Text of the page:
Presentation on theme: "15 th TRB Planning Applications Conference 2015.5.17 Atlantic City, New Jersey Joyoung Lee, New Jersey Institute of Technology Byungkyu Brian Park, University."— Presentation transcript:
15 th TRB Planning Applications Conference 2015.5.17 Atlantic City, New Jersey Joyoung Lee, New Jersey Institute of Technology Byungkyu Brian Park, University of Virginia APPLICATION OF TRAFFIC ESTIMATION AND PREDICTION FOR INCLEMENT WEATHER CONDITIONS: NORTHERN VIRGINIA VMS APPLICATION
Outline Introduction Model Development and Calibration Case Study Concluding Remarks
Introduction Background Under inclement weather conditions, the performance of roadways dramatically worsens due to several factors adversely affecting the driving behaviors. 10-11% roadway capacity reduction due to adverse weather Maximum reductions ranged from 8 to 14 percent and 5 to 19 percent for rainy and snowy conditions, respectively Low visibility also adversely affects free-flow speeds for all vehicles Up to 18.1 percent speed reductions during foggy and snowy conditions
Introduction Background The impact of inclement weather on work trip is less significant than non-work trip Up to 6% non-work traffic volume reductions Up to 15% work traffic volume reductions Inclement weather increases startup lost time, increases saturation headway, and reduces free flow speed Startup lost times at intersection increased by an average of 23 percent Saturation headways also increased by a maximum of 30.9 percent.
Introduction Motivations To mitigate the congestion caused by the inclement weather, weather responsive traffic management (WRTM) strategies such as traveler information system based on variable message sign (VMS), broadcast, or 511 service, variable speed limit (VSL), and traffic signal re-timing can be considered Providing travelers’ with traffic congestion information through Variable Message Signs (VMSs) can be considered as a viable option. However, it has been challenging to assess the impact of VMS under inclement weather conditions due to lack of properly tailored modeling tools.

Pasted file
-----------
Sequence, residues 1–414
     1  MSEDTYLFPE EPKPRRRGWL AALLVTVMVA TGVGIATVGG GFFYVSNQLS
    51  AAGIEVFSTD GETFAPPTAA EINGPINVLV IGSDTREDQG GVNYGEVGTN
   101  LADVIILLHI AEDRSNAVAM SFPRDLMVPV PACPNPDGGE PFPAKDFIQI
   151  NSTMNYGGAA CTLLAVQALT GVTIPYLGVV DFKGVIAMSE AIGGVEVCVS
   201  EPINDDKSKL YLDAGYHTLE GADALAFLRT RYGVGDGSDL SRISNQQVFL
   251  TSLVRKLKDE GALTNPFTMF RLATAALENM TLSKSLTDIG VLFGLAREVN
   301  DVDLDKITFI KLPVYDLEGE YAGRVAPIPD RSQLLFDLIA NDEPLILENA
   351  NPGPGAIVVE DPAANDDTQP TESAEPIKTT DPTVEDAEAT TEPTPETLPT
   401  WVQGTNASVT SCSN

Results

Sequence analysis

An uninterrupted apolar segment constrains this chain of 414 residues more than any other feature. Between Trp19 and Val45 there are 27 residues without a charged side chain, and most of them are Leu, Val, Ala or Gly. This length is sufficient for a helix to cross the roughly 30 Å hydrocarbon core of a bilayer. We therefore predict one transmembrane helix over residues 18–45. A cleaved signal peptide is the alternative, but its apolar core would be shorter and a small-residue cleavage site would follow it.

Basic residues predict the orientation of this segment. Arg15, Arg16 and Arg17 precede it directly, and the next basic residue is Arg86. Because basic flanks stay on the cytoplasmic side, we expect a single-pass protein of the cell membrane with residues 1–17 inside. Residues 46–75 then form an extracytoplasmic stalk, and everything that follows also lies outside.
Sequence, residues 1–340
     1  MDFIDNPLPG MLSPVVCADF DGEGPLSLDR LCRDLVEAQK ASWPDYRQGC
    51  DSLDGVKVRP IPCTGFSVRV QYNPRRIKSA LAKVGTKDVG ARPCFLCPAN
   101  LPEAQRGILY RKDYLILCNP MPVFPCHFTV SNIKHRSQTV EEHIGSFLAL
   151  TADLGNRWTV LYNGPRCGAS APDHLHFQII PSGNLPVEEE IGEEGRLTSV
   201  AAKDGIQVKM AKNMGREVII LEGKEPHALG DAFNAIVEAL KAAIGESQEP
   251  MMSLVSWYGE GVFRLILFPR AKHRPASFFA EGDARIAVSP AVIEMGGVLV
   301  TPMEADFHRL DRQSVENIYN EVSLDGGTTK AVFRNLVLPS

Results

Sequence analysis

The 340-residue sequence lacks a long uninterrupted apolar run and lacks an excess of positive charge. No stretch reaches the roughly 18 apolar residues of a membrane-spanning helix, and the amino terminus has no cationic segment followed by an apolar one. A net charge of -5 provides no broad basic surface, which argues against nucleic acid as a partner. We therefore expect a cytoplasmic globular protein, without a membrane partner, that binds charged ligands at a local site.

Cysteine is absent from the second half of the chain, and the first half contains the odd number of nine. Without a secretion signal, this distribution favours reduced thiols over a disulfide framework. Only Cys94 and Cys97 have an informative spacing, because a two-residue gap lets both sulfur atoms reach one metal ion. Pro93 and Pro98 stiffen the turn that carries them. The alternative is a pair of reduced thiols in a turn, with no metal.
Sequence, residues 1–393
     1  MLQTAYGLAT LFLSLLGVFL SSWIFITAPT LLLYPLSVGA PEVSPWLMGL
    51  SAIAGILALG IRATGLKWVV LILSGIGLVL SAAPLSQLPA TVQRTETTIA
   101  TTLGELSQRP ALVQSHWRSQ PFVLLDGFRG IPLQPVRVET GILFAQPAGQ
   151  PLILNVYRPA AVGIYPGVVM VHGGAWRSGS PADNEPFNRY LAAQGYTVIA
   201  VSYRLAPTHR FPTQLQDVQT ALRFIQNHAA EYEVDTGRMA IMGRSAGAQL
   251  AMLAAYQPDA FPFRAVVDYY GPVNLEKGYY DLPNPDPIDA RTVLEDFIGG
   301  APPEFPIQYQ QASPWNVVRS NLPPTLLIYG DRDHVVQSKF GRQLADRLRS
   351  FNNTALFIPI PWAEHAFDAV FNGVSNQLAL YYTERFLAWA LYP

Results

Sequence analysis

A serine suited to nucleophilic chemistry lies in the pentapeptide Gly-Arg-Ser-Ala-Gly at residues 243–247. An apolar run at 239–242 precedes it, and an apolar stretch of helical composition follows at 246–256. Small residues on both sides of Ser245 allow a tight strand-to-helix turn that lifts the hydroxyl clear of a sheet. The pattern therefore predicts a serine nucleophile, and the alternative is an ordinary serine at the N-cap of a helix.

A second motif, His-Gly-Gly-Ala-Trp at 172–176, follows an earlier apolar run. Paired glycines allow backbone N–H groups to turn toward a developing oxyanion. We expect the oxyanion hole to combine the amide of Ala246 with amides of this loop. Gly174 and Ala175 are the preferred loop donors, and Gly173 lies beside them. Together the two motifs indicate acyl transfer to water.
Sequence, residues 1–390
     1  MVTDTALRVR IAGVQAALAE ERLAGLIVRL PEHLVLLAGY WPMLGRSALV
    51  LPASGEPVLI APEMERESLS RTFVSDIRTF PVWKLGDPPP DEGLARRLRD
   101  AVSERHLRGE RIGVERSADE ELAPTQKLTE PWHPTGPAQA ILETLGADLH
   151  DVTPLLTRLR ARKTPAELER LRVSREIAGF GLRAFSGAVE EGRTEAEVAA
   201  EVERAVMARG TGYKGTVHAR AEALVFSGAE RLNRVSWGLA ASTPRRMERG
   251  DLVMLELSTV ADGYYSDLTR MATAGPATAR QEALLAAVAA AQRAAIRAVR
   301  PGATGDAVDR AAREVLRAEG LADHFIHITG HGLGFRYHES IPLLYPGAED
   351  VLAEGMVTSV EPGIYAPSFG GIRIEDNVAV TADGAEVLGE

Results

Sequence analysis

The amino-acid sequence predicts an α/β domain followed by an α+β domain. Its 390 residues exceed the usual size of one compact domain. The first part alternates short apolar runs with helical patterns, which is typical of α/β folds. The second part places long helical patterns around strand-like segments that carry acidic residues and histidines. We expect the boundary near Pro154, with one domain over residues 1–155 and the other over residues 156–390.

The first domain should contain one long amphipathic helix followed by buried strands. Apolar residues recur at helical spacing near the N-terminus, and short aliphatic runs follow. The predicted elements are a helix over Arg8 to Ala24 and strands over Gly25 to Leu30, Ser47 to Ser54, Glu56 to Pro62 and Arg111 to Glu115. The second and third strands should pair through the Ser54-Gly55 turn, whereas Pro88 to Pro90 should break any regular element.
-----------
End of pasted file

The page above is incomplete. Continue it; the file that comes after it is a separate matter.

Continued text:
Introduction Goal Assess the benefits of VMSs as a congestion mitigation tool for severe traffic congestion accelerated by inclement weather through a Dynamic Traffic Assignment (DTA) model based simulation. Objectives To develop a simulation-based DTA model by incorporating a mesoscopic traffic simulator and Weather Adjustment Factors(WAFs) To conduct case studies to investigate the impact of VMSs on the traffic congestion mitigation strategies
Model Development Based on Dynamic Traffic Assignment (DTA) Modeling Approach Dynus-T A mesoscopic traffic simulation model developed by Chiu at the University of Arizona Performs dynamic traffic assignment based on a simulation approach Applied for several DTA-based analysis dealing with traffic congestion managements and evacuations planning
Model Development Modeling Site: Northern Virginia Interstate Highway 66; major local corridors including US 50, US 29, VA-7, VA-287; and several local streets. Initial OD table was obtained by a sub-area network analysis capturing all demands passing through the subarea boundary.